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New Funeral Service Liquefies The Dead and Dumps Them Into Sewers

Dondi Tiples

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There are two types of funerals: one involves the departed placed in a coffin and buried beneath the ground, and the other uses cremation and stores the resulting ashes in an urn.

However, burial real estate continues to diminish with people passing away each day. So one funeral service created a more efficient and environmental-friendly way to inter bodies.

It liquefies the deceased’s remains.

funeral 1

Source: IFL Science
Then pours the liquid corpse down the sewers.

funeral 5

Source: Life News

AquaGreen Dispositions, a funeral service company in Ottawa, Canada, offers this most controversial way to inter departed loved ones.

They “cremate” the deceased into a liquefied beige-colored sludge and release this liquid into the sewer system.

Surprisingly, they’ve actually received an official license to dump liquid remains down sewerage that empties into Smiths Falls.

Similar to another green funeral service offering to turn the recently deceased into trees, liquefaction is environment-friendly. It creates very small carbon footprint compared to cremation.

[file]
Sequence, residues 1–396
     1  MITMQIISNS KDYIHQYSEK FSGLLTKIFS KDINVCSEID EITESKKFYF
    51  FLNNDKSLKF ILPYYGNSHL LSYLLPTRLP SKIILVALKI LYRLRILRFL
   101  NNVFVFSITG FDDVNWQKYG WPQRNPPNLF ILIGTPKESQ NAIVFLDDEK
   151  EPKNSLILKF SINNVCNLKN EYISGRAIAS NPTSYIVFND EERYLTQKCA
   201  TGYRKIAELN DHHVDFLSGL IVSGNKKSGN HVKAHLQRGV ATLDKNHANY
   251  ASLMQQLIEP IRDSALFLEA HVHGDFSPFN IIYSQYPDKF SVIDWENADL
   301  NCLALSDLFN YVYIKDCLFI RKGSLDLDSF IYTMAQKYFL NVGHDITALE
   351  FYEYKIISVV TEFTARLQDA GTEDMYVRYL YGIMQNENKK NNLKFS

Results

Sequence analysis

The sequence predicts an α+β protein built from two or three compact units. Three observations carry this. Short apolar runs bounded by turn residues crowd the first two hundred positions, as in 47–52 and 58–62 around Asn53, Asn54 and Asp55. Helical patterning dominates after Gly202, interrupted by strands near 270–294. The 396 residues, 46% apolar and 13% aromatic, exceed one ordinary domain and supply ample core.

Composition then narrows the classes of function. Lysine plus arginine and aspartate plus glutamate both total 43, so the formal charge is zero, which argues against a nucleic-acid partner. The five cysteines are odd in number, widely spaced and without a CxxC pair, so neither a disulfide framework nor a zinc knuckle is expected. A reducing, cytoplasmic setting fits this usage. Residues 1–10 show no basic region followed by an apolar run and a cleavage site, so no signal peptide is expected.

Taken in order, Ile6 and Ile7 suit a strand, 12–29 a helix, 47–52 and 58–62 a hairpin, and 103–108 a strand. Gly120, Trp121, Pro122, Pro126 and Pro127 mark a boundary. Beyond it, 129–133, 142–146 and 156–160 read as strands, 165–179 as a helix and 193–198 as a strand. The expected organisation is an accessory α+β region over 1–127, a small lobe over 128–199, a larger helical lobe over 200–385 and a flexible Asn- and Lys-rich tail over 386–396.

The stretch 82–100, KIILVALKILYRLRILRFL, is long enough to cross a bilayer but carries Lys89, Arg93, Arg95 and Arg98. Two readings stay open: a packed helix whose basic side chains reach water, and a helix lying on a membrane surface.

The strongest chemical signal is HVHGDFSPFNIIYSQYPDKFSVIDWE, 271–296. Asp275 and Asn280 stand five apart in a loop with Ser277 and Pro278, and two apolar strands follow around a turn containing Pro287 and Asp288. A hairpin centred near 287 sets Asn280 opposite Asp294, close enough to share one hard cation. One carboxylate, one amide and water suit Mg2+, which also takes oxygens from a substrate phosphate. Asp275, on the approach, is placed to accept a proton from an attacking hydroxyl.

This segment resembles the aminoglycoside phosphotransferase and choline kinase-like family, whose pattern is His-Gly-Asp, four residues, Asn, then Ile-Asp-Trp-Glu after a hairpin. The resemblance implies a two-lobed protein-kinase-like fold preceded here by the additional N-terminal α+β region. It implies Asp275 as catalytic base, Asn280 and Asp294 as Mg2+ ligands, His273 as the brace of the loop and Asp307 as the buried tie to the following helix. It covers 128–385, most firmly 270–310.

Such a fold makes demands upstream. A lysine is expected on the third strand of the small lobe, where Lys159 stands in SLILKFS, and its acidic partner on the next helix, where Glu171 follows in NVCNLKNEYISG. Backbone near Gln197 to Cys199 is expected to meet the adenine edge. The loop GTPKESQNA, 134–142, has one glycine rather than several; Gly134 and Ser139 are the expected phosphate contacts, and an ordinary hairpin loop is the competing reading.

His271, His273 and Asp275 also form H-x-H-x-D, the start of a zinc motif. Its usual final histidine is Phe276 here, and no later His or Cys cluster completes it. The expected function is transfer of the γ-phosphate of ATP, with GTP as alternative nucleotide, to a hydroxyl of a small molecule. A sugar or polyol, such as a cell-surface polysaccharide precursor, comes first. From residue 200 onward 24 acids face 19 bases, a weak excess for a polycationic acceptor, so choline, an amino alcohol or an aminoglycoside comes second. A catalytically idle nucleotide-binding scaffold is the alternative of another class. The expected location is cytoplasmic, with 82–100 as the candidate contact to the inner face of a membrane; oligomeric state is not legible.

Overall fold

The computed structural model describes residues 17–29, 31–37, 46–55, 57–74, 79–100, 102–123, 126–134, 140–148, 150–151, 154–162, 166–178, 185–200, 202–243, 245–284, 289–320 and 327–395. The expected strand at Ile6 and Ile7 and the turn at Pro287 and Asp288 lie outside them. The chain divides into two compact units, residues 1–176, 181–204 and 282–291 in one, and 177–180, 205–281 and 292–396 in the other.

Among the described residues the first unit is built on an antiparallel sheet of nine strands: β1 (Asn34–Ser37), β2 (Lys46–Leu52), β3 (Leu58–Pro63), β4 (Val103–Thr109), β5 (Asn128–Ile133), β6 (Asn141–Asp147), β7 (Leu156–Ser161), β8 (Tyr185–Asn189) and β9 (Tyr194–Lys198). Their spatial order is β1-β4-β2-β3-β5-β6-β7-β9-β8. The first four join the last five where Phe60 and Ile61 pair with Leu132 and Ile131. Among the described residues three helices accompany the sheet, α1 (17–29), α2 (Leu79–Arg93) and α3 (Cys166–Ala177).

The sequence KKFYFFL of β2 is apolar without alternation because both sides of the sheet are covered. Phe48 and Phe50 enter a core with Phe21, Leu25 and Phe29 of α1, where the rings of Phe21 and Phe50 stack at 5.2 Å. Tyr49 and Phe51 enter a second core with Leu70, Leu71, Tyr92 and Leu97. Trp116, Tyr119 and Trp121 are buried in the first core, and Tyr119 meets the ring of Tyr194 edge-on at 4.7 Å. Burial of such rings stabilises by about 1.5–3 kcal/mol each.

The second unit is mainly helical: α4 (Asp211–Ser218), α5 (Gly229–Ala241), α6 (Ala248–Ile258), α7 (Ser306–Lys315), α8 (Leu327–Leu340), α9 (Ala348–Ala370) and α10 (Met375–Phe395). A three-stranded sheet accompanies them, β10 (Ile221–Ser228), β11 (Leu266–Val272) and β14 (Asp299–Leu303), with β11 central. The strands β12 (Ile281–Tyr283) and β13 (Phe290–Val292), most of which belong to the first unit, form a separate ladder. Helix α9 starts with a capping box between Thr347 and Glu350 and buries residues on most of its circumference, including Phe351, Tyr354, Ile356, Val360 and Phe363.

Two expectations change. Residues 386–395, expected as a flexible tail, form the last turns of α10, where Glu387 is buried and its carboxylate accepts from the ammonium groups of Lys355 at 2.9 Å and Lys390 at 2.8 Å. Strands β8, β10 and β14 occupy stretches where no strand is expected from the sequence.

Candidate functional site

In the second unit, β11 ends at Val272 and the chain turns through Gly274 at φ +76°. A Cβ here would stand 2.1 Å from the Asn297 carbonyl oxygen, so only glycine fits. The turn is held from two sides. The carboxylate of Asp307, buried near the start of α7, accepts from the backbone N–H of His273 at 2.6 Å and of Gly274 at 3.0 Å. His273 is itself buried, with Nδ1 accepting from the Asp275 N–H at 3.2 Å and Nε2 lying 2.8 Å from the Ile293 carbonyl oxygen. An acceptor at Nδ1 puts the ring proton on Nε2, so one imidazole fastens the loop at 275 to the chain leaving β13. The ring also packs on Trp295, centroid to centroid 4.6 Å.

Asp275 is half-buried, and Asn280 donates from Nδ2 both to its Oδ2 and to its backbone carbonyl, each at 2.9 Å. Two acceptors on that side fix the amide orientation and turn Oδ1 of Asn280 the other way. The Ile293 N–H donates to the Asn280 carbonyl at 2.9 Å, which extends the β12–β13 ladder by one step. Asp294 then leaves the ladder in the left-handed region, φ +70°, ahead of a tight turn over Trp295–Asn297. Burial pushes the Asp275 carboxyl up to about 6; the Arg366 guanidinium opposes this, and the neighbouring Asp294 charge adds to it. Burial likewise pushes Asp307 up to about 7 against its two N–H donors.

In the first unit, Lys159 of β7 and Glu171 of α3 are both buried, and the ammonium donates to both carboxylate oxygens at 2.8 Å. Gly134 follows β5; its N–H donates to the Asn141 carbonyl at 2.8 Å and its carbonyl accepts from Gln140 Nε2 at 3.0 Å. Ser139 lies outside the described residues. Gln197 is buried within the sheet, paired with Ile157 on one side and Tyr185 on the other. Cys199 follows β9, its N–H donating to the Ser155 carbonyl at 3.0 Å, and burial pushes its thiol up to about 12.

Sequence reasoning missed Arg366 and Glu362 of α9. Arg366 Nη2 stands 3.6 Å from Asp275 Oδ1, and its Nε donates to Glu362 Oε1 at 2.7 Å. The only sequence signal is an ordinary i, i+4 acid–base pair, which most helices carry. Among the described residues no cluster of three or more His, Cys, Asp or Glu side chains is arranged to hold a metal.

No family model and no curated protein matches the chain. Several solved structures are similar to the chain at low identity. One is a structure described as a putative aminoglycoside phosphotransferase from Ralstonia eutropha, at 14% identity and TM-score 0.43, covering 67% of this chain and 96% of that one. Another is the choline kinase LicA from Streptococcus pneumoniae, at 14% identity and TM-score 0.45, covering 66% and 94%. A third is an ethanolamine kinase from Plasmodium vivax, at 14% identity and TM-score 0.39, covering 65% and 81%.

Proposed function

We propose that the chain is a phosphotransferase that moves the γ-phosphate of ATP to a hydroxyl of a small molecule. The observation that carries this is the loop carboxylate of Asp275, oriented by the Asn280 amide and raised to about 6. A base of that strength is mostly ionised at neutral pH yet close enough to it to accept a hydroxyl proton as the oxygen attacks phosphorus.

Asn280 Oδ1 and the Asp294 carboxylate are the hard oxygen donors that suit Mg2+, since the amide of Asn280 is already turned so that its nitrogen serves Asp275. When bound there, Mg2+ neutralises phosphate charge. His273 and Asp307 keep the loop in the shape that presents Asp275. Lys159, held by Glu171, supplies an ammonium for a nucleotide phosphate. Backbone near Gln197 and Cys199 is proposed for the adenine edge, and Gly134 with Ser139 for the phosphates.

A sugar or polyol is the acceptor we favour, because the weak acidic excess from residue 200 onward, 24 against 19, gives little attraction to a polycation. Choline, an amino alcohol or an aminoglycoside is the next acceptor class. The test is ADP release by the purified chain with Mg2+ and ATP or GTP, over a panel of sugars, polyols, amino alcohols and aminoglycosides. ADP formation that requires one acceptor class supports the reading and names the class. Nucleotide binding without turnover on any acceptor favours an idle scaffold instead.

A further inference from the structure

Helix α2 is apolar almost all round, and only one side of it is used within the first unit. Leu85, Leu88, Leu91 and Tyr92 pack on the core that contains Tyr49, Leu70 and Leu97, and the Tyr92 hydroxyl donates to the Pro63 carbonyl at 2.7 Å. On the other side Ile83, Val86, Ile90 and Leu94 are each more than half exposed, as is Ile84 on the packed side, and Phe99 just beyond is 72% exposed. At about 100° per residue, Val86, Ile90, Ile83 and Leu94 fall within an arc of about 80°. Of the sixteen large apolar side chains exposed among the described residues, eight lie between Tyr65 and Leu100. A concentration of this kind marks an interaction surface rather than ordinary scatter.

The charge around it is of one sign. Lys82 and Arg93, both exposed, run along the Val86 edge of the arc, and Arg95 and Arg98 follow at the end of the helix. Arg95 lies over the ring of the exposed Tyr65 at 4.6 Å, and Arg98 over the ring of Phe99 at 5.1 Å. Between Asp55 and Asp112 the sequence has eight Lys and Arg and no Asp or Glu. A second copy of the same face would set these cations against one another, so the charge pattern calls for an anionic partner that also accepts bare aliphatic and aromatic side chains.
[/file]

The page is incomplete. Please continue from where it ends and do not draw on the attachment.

AquaGreen uses potash, salt, and water to break down a cadaver’s soft tissues in a heated and pressurized vessel resembling an MRI machine.

The body’s organic material is dissolved into a thick, dark-colored, caustic fluid.

funeral 2

Source: IFL Science

According to Dale Hilton, who operates AquaGreen Disposition’s funeral service, liquefying the dead brings them back to their natural state.

“It’s the same way as being buried in the ground, but instead of taking 15, 20 years to disintegrate, it does it in a quicker process. And it’s all environmental-friendly.”

The green interment process starts here.

funeral 3

Source: CBC

The body’s soft tissue turns to sludge, leaving the skeleton intact. AquaGreen then dries the remaining bone framework in a convection oven, crushes it to fine powder, and returns it to the grieving family.

That way, they get to keep a part of their dearly departed loved one.

funeral 4

Source: Independent

The perishable liquid parts flow out into the sewer system to swirl off into the waters of the world.

Who knows what you may be drinking and swimming in tomorrow?

H/T: IFL Science

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